Dodgers Believe They Struck Gold in Gould

It was just a small, two-line item in the Dodgers notes last August that read simply, "The Dodgers today signed second-round draft selection Garrett Gould, a 6-foot-4 right-handed pitcher from Maize (KS) High School, just outside of Wichita." Many casual fans didn't recognize the name, but the Dodgers were betting nearly a million dollars that they would in the future.

The Kansas 6-A pitcher of the year in 2008 broke big leaguer Nate Robertson's Maize High record with 95 strikeouts in 57 innings, and many projected him as a first round pick. However, he had a scholarship to Wichita State firmly in his hand and some clubs were reluctant to spend a high draft choice on a player they might not be able to sign.

The Dodgers were delighted he was still available in the second round (the Dodgers had two supplemental picks), becoming the 65th player chosen in the nation and they went $337,500 over recommended slot to sign him.

Assistant GM Logan White told LADugout in June that he had the best breaking ball in the entire draft to go with a 91-94 mph fastball that comes from a high three-quarters arm slot. He was also perfecting a changeup.

Along with his impressive high school statistics, he pitched in the World Wood Bat Association championship last October, and allowed just one hit and one walk while fanning 18 in eight shutout innings and won MVP honors.

Scouts were divided about his mechanics, some worried about the effort and others raved about how he extends his 6-4, 200-pound frame to get good extension.

Gould, 6-foot-4, 217 pounds, was a quality quarterback in football and as a forward in basketball before deciding to concentrate on baseball as a senior where he went 6-1 with a 0.78 ERA and 95 strikeouts in 45 innings. He played the outfield when he wasn't pitching and had enough right handed power to play both ways had he chosen to attend Wichita State.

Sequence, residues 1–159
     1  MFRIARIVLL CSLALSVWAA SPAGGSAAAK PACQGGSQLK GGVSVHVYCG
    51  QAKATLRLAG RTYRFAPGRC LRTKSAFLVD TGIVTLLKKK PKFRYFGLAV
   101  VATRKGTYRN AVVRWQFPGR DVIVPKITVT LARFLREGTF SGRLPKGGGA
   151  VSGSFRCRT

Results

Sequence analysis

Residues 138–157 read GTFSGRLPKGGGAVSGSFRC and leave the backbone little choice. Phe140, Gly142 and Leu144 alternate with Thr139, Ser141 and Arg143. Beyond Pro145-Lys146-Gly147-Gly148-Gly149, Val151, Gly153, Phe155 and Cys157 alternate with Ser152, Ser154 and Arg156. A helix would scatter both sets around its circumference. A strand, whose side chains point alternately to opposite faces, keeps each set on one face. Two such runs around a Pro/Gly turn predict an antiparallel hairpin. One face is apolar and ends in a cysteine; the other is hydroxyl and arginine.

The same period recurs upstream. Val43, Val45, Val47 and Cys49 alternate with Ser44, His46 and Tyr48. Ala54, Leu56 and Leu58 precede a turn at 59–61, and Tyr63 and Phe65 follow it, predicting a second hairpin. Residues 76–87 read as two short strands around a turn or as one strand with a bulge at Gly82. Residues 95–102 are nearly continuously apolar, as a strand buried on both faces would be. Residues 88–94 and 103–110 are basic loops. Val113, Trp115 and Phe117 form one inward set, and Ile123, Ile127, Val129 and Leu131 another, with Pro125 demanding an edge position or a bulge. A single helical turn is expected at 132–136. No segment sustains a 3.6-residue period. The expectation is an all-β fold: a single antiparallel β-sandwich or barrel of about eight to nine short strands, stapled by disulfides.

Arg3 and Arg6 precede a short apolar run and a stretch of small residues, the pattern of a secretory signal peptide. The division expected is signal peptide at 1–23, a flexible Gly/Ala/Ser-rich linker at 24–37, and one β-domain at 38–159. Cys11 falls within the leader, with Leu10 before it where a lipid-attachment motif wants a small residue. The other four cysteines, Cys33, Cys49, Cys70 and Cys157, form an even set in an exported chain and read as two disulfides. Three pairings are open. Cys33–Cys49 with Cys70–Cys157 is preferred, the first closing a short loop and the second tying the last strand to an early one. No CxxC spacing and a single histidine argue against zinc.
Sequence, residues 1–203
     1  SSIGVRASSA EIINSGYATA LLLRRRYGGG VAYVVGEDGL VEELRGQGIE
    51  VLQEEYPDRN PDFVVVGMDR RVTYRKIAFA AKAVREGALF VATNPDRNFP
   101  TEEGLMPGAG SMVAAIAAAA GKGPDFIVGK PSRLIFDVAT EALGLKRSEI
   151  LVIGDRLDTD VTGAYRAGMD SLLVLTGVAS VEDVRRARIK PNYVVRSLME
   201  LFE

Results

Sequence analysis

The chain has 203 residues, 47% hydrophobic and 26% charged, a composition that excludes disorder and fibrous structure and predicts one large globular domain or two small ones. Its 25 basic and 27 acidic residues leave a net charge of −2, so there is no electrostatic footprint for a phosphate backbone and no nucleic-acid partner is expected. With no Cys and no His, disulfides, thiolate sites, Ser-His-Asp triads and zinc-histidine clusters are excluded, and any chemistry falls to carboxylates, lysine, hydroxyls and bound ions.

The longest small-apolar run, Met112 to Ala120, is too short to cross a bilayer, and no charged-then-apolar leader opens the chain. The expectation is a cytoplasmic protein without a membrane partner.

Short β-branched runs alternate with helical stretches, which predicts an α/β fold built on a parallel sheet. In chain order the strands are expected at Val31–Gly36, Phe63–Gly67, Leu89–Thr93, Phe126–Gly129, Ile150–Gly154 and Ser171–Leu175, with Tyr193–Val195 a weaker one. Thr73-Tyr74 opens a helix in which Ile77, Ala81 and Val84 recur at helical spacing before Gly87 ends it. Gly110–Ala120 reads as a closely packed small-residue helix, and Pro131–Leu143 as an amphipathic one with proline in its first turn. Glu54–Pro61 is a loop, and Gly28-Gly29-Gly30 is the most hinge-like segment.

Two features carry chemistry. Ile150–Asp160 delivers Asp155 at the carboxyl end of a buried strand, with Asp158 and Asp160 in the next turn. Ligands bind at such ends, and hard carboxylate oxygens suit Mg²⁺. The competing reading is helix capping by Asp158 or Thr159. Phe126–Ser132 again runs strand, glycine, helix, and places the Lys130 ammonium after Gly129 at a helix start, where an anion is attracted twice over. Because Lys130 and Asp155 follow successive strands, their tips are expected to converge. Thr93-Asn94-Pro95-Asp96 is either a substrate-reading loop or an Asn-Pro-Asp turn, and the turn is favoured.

After adding strength in the offseason, Gould moved his fastball from 88-91 mph in 2008 to 91-94 mph in the spring -— and it's not his best pitch.

"We just rolled the dice with the hope we could sign him. He was projected as a first rounder and there is no question he has that sort of talent. He's a big kid, physical, athletic, throws 90-94 with sink and in my opinion he has the best breaking ball in the draft. It's a power curve, 79 to 82, it's a downer and it's tough on any hitter to get a bat on.

"We thought we had a chance to sign him because he knows of all the young pitchers -- Billingsley, Kershaw, McDonald, Broxton and all the other kids who have come through the system -- and it is an easy thing for me to go into his house and talk to his parents and tell them 'If you want your son to be a big leaguer, it was a blessing to you that he was drafted by the Dodgers and that he has a better chance with us than anyplace else.' "

Colletti told Paul Suellentrop of the Wichita Eagle "This capped our Draft," said general manager Ned Colletti. "We had a good Draft that just got better."

Gould was sent to the club's training complex at Camelback Ranch at Glendale, where he pitched in the Arizona Rookie League.

He saw limited action in 2009, breaking into the games three times in September and finishing with a 0-1 with 10.12 ERA. He struck out four in 2.2 innings, gave up two hits and walked two.

Then why, you might ask, his he ranked so high? We feel that when Logan White spends $1 million on an 18-year-old high school pitcher, he is certainly worth it.

6-4 190 BR TR
Born- July 19, 1991 in Wichita, Kansas
School- Maize High School, Kansas

 Team	 w-l  era  gm  gs  in   h  bb  so  ave
Ogden	0-1  10.12  3   3  2.2  4   2   4  .333

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